Planning to deliberate thoroughly: If-then planned deliberation increases the adjustment of decisions to newly available information

Johannes T. Doerflinger, Torsten Martiny-Huenger, Peter M. Gollwitzer

Research output: Contribution to journalArticle


Planning our actions in advance is an important means of action control and increases the likelihood of initiating intended actions at critical points in time (Gollwitzer, 1999; Gollwitzer & Oettingen, 2016). In the current research, we investigate whether planning to deliberate thoroughly can also increase the likelihood of deliberation when it is needed. As an increase in deliberation is often associated with more thorough use of available information, we predict that planning to deliberate causes people to adjust their current course of action more closely to newly available information. We test this prediction in three experiments in which the participants are faced with the decision to continue with or disengage from a chosen course of action after new information has become available. The first experiment uses an established escalation of commitment paradigm (Study 1); the second and third experiment use a more naturalistic task based on the card game of poker (Studies 2 & 3). In all three studies, planning to deliberate at a critical point in time by forming implementation intentions reduced the tendency to stick to a failing course of action, suggesting that plans to deliberate can be used to increase the likelihood of deliberation and thereby the effective processing of newly available information.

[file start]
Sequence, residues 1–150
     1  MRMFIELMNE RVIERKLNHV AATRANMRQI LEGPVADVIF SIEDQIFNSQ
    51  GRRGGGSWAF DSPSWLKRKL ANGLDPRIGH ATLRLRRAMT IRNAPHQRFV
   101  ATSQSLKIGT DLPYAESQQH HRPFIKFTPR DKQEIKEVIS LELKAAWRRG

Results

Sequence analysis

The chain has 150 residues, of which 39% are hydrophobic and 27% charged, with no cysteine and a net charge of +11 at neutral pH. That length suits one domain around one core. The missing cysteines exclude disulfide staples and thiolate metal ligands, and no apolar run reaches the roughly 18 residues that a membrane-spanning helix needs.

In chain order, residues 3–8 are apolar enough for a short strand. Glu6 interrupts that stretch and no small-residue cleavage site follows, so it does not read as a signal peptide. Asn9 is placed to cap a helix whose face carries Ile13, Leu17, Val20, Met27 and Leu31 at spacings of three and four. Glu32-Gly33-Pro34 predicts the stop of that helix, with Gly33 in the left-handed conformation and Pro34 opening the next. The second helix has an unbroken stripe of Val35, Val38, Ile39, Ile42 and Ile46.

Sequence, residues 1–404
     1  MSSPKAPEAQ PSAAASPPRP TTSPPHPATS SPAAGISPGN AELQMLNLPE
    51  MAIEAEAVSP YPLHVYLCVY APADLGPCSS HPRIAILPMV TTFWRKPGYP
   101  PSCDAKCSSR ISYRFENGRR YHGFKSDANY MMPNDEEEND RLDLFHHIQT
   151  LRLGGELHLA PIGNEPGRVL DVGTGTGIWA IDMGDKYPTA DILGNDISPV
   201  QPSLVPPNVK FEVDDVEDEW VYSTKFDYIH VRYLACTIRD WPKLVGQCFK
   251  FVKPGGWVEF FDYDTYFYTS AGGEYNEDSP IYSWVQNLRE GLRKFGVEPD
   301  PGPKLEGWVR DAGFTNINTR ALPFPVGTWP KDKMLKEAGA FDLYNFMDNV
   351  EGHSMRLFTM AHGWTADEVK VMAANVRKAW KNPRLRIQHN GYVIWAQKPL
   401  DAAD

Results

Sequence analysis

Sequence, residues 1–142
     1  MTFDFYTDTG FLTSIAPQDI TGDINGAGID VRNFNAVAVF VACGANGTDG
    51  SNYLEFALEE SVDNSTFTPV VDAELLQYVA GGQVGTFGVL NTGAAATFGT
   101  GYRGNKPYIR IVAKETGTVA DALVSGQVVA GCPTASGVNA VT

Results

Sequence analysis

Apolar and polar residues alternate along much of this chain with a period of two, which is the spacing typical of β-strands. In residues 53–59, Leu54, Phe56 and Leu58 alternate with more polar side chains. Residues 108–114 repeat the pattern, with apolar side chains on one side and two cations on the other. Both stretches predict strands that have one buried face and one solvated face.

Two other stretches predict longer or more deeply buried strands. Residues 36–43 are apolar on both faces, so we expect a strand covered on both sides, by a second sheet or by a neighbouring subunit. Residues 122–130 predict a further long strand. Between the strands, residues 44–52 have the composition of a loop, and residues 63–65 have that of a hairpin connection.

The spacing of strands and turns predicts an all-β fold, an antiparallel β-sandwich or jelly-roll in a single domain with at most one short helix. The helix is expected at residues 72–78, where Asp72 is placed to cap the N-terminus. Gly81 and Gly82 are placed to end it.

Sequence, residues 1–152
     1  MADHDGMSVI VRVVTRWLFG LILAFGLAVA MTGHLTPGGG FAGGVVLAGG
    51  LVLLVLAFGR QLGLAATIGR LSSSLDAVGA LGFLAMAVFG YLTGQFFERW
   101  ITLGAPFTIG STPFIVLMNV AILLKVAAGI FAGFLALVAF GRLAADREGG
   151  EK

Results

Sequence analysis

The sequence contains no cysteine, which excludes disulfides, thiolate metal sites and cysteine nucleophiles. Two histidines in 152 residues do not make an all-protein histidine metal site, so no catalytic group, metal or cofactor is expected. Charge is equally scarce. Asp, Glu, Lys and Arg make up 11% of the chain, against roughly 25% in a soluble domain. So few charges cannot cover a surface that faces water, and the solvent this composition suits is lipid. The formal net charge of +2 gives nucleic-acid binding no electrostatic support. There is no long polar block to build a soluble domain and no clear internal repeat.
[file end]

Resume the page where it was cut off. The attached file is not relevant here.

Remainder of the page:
Original languageEnglish (US)
Pages (from-to)1-12
Number of pages12
JournalJournal of Experimental Social Psychology
StatePublished - Mar 1 2017



  • Decision making
  • Escalation of commitment
  • Implementation intentions
  • Information processing
  • Poker
  • Self-regulation

ASJC Scopus subject areas

  • Social Psychology
  • Sociology and Political Science

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